Do you read Ann Landers’ column? Well, I do. Since I don’t find the comic section particularly funny, Ann’s free advice to some of the most outrageous stories is, for me, sometimes just out right hilarious. Once in a while during the holidays, Ann will pull out of the archives a feel-good story that fits the mood of the season. I’m taking a page from her book and using a feel-good Thanksgiving blog I wrote four years ago. Nothing has changed about this story; I meant it then, and I mean it now. Enjoy a brief glimpse into my past.
I had the greatest grammar teacher ever. By the way, I just tried to spell grammar, and the spell check told me I spelled it wrong. Before there was spell check there was Liz Ray. She helped prepare me for some of the tasks I use in my job, such as writing and speaking. Yes, I took speech from her, and she always assigned someone to be the “uhh catcher.” “Uhh” is the word we use, although it’s not really a word, when we’re trying to collect our thoughts or stalling and praying for a genius phrase to fall out of our mouths when we really don’t have anything to say.
What made Mrs. Ray – yes, I’m old school and still believe in addressing people with proper titles – amazing was that she was both caring and professional at the same time. In one moment her effervescent spirit would light up a room with laughter, but in the next moment she could give you “the look” that said, “I am so disappointed in you.” One of those looks appeared after we let her out of the closet we had locked her in just for fun. She should have sent every one of us to the principal’s office, except for me, of course, because I don’t remember participating in this disrespectful deed. Did she do it? No, because she saw this as a teachable moment to help knuckleheads like me grow up and act right. She was also one of the godliest women I have ever met. She was deeply spiritual, and her life released a sweet fragrance of God’s love and grace.
I think I was her pet student; however, she made everyone feel that way. She wouldn’t permit us to say “shut up” to one another. We were to say, “practice pauciloquency.” Go ahead and look it up. That, too, was one of her regular assignments. Each week we were given a quiz on the words for the month from the “Word Power” section of the Reader’s Digest. Now I can use big words, and I even understand the meaning of some of them; but, whoever thought up the idea of diagraming sentences should be consigned to a place in Heaven I will avoid. To this day I say there is nothing wrong with a dangling participle if it wants to dangle. I think I just dangled a participle so please forgive me, Mrs. Ray, if you are reading this. Oh, I don’t think you are to finish a sentence with a preposition, so I meant “this article.” Editor’s note: It’s clear Mark has no recollection of what a participle or a preposition actually is. Please forgive him, Mrs. Ray.
So what does this have to do with anything? All of us have had a Mrs. Ray in our life to whom we owe our life. They gave us an opportunity to be the sports editor of the school newspaper – or, at least, Mrs. Ray did that for me. They loved us enough to give “the look” and say, “Mark I am so disappointed in you. Do you think that is the way a Christian should act?” They gave us confidence to write a weekly article. Mrs. Ray did that for me, too. So while I am looking forward to basking in the sweet aromas of Thanksgiving, I am also pausing to bask in gratitude and say, “Thank you, God, for giving me Mrs. Elizabeth Ray as my teacher and friend. She was amazing and still is.” Oh, my! I ended with a preposition, again. Editor’s note: There he goes again. Well, my next assignment is to send this to our Director of Communications, Sarah Klingler, to proof and make appropriate corrections to the grammar and punctuation. Sarah was an English major, and she takes what I write and makes it readable. So, uhh, that’s all I have to say this week.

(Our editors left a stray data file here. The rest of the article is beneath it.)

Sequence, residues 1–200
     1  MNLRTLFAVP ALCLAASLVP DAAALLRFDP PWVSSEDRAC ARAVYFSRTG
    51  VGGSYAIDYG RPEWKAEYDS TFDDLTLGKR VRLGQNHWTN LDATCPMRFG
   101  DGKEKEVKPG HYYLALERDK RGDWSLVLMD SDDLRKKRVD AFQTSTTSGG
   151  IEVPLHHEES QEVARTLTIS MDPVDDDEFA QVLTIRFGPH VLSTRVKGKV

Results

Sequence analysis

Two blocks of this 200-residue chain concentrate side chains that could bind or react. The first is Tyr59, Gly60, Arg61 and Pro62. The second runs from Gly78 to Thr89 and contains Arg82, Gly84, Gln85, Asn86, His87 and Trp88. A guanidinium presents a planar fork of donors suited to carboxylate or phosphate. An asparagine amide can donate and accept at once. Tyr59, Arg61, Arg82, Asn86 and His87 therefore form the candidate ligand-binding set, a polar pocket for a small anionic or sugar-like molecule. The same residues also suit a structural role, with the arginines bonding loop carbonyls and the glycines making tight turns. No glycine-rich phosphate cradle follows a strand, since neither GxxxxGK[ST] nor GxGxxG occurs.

No, wait, one more thing. The other day Mrs. Ray read one of my weekly blogs and sent me this message via email. “Mark, you are such an inspiration! You are so in tune with God that He speaks through you each week to help give encouragement and guidance to all of us. And you say it so well. You are a great writer using God’s gift willingly. Thank you so much!” No, Mrs. Ray, thank you! You gave me one of the best compliments I have ever received.
I promise I’ll close with this suggestion. For Thanksgiving this year, rather than being part of a conversation(s) that are sensitive, controversial, hurtful, and divisive, talk about your “Mrs. Ray.” This would make for a great conversation starter around the dinner table if each person would share about someone who made a difference in their life and say why they are grateful for that person. Your “Mrs. Ray” may be someone who is no longer living, but their impact is still very much alive in your heart. Make good memories this Thanksgiving season by remembering positive people who have added value to your life. Most of all, don’t forget to thank the One who made every good thing in your life possible. Happy Thanksgiving!